Wanda Lamb, doesn’t know how many people will heed her warning but she will remind them anyway.
“Fireworks and alcohol just don’t mix,” she said.
Lamb said the explosive items she sells at the store in a suburb of Columbus, Ga., are a lot of fun but that those who use them need to be careful.
There are safety rules to follow, she told the Columbus Ledger-Enquirer.
Some of those listed on the store’s web site include:
• Always read the instructions carefully before attempting to light a fireworks item.
• Do not throw burned out sparklers on the ground. The hot debris left over from the sparkler can burn someone if they step on it.
• Always wear proper clothing whenever you use fireworks. This includes cotton or denim clothing, long pants, eye protection, covered shoes, and (if necessary) ear protection.
• Keep fireworks away from open flames, including cigarettes. Do not smoke around fireworks.
• Keep your fireworks dry. Never attempt to light fireworks that have become wet.
• Store fireworks in a cool dry place, and away from children. Make sure small children cannot reach fireworks.
• Never allow children to use fireworks without direct adult supervision.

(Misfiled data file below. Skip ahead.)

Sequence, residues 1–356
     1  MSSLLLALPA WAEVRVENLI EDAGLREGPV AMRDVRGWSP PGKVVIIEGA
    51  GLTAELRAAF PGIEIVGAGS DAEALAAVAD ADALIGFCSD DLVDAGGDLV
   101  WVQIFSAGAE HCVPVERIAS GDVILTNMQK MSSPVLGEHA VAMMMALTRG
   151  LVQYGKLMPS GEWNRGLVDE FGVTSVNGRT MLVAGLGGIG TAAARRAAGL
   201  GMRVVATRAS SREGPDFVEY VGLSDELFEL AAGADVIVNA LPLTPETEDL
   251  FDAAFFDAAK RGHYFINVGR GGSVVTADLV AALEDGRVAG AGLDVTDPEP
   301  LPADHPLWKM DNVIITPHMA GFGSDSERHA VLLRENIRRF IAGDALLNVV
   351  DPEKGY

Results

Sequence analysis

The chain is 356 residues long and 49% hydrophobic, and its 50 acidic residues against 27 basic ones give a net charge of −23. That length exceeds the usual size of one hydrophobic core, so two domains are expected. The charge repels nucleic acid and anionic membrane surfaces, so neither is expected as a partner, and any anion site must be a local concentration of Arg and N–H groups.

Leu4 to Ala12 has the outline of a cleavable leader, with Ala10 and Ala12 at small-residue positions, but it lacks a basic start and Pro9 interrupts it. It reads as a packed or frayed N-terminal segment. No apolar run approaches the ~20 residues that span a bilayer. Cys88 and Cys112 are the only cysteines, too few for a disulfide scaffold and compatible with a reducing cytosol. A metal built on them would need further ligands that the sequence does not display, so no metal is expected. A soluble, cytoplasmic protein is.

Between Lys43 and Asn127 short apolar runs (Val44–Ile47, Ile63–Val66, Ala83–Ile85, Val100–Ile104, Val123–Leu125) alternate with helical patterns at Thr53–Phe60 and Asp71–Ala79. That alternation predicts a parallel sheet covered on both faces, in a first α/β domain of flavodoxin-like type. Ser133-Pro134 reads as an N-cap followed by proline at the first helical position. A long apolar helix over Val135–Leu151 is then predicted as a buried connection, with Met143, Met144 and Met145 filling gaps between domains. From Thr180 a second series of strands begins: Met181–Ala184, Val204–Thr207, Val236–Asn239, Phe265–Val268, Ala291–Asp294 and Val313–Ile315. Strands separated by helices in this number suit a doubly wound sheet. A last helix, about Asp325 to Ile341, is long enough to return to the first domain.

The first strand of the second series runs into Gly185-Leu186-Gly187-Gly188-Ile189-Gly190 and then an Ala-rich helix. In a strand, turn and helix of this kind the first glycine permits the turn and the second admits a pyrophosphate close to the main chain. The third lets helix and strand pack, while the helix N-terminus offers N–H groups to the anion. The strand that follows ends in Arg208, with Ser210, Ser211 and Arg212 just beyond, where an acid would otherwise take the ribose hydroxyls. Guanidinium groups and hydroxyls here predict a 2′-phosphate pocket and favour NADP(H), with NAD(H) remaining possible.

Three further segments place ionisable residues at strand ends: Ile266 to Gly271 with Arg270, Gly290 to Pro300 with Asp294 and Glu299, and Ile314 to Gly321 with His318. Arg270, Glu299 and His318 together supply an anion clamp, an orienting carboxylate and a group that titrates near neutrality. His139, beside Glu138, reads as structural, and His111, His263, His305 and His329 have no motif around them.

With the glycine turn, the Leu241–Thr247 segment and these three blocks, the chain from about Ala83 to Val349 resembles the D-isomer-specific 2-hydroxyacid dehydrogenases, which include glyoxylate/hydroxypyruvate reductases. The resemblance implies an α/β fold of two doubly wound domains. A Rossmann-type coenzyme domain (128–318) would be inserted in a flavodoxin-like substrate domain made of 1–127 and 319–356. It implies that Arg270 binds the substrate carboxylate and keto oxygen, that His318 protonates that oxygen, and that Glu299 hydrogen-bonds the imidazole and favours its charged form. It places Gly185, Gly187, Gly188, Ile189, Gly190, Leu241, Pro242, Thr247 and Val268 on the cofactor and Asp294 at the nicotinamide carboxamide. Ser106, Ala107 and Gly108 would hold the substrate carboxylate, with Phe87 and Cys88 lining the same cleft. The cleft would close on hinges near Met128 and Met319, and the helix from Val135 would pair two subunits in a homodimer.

Lamb said her fireworks sales have been brisk lately, but the sales numbers pale in comparison to those for the Fourth of July.
“They are not even close,” she said.
Big explosive items are popular for the coming of the new year, she said, but small items go, too.
“People will get the firecrackers, Roman candles and sparklers,” she said.
Lamb is not the only one encouraging fireworks safety. Georgia Insurance and Safety Fire Commissioner Ralph Hudgens is urging parents to protect their children and themselves, while at the same time reminding people in Georgia that they should not be using fireworks.
Hudgens sent a reminder in a news release that the sale and individual use of any type of firework, except certain kinds of sparklers, is illegal in Georgia.
The penalties are a maximum fine of up to $1,000 and/or a sentence of up to one year in jail. Professional fireworks displays are permitted provided they are licensed through the local judge of probate court.
The law states that the definition of prohibited fireworks shall not include: “Wire or wood sparklers of 100 grams or less of mixture per item; other sparkling items which are non-explosive and nonaerial and contain 75 grams or less of chemical compound per tube or a total of 200 grams or less for multiple tubes; snake and glow worms; trick noise makers which include paper streamers, party poppers, string poppers, snappers, and drop pops each consisting of 0.25 grains or less of explosive mixture.”
The Commissioner said sparklers are legal in Georgia but should be used properly and with adult supervision.
“According to the National Fire Protection Association, in 2010, U.S. hospital emergency rooms treated an estimated 8,600 people for fireworks related injuries,” Hudgens said. “The risk of fireworks injury was highest for children ages 5-14.”